"They are the most violent strikes," says a man filming the grim aftermath of what he asserts was a Russian air attack on the town of Talbiseh, in the Homs Province of Syria," The New York Times writes, Censor.NET reports referring to InoPressa. "This is the Russian criminal regime," the man adds, journalist Anne Barnard says.
"Russia's very first airstrikes in Syria appeared to target areas where the Islamic State has no known presence, including some that have symbolic resonance as strongholds of the early, locally based opposition that sprang up among army defectors," the author continues.
Many of Mr. Assad's opponents say: If Moscow had been determined to destabilize the situation in Syria, it would have been hard-pressed to think of a more electrifying and polarizing way.
"Among the areas hit was the base of a group that had been supported and supplied by the United States and its allies," the medium notes citing group's leader Jamil Saleh. He said the group's base had been hit severely in Hama Province, wounding eight of his men. "Later on Wednesday, American officials confirmed that some groups supported by the United States had been hit," the journalist says.
"We are on the front lines with Bashar al-Assad's army. We are moderate Syrian rebels and have no affiliation with ISIS. ISIS is at least 100 kilometers away from where we are," Mr. Saleh said.
As the medium reports, the group posted a video that it said showed the attack, first with two Russian fighter jets wheeling overhead, then with a blast so close and powerful that it knocked the camera to the ground.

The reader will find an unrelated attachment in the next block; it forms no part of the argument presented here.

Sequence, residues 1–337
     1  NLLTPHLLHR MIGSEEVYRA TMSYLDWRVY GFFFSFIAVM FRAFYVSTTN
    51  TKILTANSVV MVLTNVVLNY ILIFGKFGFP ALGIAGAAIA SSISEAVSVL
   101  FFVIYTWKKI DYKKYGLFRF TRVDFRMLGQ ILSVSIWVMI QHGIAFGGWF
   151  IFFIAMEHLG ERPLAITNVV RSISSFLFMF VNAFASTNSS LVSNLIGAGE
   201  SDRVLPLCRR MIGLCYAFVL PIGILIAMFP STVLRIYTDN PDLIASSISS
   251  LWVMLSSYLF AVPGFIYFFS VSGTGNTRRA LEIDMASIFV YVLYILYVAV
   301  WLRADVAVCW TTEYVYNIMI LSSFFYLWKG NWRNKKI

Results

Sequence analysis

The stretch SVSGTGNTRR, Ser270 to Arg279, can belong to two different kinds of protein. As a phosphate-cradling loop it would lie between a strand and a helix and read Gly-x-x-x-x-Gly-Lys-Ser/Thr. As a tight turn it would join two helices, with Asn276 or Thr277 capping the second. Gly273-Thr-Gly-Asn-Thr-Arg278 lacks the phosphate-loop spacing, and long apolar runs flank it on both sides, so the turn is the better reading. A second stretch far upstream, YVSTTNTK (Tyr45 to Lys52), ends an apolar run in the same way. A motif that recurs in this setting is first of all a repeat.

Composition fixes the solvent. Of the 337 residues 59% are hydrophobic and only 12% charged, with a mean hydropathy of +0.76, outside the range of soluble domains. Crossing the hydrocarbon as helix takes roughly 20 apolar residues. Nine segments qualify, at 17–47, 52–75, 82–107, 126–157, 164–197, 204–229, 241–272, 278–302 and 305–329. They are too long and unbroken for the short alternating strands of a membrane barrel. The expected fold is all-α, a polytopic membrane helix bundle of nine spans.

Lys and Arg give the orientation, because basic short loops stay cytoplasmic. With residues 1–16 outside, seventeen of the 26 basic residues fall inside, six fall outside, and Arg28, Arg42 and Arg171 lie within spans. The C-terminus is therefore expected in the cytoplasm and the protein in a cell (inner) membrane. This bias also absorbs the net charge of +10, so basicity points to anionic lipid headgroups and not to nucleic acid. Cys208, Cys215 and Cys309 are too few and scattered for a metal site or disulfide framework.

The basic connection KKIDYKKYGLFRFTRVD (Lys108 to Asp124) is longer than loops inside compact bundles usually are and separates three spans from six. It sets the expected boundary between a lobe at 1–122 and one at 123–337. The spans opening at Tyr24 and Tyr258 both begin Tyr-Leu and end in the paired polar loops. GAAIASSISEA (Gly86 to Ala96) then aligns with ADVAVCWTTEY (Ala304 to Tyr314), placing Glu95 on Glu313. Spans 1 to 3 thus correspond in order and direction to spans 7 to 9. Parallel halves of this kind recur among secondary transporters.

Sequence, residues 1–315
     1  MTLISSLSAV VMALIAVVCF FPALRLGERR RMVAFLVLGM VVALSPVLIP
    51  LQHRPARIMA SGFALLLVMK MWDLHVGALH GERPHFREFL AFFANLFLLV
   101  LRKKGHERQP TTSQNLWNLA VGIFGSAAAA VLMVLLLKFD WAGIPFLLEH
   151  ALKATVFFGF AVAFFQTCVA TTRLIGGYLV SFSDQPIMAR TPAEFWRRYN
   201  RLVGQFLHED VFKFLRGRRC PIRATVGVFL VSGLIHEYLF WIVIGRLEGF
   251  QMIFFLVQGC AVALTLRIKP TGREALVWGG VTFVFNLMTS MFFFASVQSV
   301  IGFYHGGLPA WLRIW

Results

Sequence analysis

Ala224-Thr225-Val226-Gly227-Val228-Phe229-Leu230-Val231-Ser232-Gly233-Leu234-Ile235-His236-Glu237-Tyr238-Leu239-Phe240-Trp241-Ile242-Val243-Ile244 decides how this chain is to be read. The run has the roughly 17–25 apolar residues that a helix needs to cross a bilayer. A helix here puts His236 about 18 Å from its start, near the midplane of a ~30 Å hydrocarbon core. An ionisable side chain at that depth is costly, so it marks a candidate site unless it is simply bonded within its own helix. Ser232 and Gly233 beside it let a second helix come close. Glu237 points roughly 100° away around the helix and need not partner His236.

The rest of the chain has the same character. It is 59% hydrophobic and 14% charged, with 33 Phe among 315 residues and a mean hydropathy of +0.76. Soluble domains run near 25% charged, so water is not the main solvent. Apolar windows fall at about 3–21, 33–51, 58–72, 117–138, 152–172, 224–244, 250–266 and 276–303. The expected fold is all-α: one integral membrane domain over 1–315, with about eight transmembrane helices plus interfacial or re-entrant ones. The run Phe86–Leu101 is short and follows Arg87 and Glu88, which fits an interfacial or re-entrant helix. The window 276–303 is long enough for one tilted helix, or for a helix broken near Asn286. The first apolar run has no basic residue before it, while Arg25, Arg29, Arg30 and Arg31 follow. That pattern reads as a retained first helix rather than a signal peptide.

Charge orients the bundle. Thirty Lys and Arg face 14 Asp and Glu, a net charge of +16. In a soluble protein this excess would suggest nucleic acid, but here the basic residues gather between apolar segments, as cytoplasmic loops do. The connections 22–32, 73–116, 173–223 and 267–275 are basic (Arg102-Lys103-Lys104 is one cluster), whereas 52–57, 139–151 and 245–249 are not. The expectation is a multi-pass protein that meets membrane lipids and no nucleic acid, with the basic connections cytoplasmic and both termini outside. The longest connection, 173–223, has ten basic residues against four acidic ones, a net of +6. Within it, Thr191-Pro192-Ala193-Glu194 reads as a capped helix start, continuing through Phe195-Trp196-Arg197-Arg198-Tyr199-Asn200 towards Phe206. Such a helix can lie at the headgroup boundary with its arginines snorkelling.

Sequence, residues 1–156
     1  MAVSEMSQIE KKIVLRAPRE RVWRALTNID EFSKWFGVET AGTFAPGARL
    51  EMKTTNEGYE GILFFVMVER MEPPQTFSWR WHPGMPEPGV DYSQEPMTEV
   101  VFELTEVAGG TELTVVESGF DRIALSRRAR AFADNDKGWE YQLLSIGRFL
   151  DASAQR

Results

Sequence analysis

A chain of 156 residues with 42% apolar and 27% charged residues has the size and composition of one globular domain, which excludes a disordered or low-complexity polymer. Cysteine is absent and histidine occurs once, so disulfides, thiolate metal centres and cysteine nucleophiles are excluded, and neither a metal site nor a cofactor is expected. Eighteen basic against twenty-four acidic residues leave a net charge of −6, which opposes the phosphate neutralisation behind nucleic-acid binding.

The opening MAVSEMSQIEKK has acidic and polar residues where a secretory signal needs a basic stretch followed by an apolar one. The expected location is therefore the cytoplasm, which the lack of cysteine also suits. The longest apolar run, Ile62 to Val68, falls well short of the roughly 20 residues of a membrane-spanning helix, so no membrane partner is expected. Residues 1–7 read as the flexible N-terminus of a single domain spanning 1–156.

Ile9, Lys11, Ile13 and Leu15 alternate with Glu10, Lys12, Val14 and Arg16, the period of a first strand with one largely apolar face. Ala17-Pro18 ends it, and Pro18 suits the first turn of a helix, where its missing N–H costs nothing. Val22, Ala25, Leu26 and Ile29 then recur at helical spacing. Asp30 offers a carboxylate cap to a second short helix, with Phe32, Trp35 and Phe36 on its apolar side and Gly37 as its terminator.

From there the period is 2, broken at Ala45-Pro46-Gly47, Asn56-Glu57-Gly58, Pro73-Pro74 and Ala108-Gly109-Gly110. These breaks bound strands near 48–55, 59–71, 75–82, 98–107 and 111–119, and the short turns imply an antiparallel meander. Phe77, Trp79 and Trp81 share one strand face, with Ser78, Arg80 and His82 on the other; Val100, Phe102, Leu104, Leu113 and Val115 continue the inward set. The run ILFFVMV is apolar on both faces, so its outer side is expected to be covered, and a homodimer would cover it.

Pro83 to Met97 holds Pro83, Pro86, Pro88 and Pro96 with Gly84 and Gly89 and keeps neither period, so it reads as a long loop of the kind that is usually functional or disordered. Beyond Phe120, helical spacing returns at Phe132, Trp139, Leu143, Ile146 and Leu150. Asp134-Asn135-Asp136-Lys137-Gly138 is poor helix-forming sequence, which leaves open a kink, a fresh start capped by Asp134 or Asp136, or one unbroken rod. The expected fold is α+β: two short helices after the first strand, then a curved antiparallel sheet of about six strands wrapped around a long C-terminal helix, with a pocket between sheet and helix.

According to the newspaper, the strikes provided fodder for the many Syrian opponents of Mr. Assad who believe that all the world's forces are arrayed against them, and that the United States has abandoned them, effectively allying with Russia, Iran and Mr. Assad.
"Russia is an accomplice in Assad's crimes today, with approval from both the U.S. and the international community to kill us," said Khoodair Khusheif, an activist in northern Homs Province. "If these raids continue this way, Russia will kill a larger number of civilians that Bashar did in four years."
The article reads: "Russia's intervention has already led regional powers like Saudi Arabia and Qatar to increase military support to the rebels. Yet the principal impact, analysts and rebel commanders say, will be to further radicalize elements in the opposition, potentially driving more to join forces with the Islamic State or other radical groups."
Pro-government Syrians, on the other hand, were jubilant and relieved after what they had seen as a weak endorsement of Mr. Assad by Mr. Putin in his United Nations speech on Monday.
Antigovernment activists and insurgents in Homs Province said the airstrikes hit three towns north of Homs city on Wednesday - Rastan and Zaafarani, as well as Talbiseh - that have long been held by rebels fighting Mr. Assad. Activists said that 39 people, including women and children, had been killed in the three towns. The Syrian American Medical Society, which aids clinics in the area, said 33 people had been killed in the attacks, including three children and a rescue worker, the author writes
"The Army of Islam, an insurgent group with Saudi financing that is strong around Damascus, announced days ago that it was declaring war on Russia - at least wherever it reared its head in Syria," the article notes.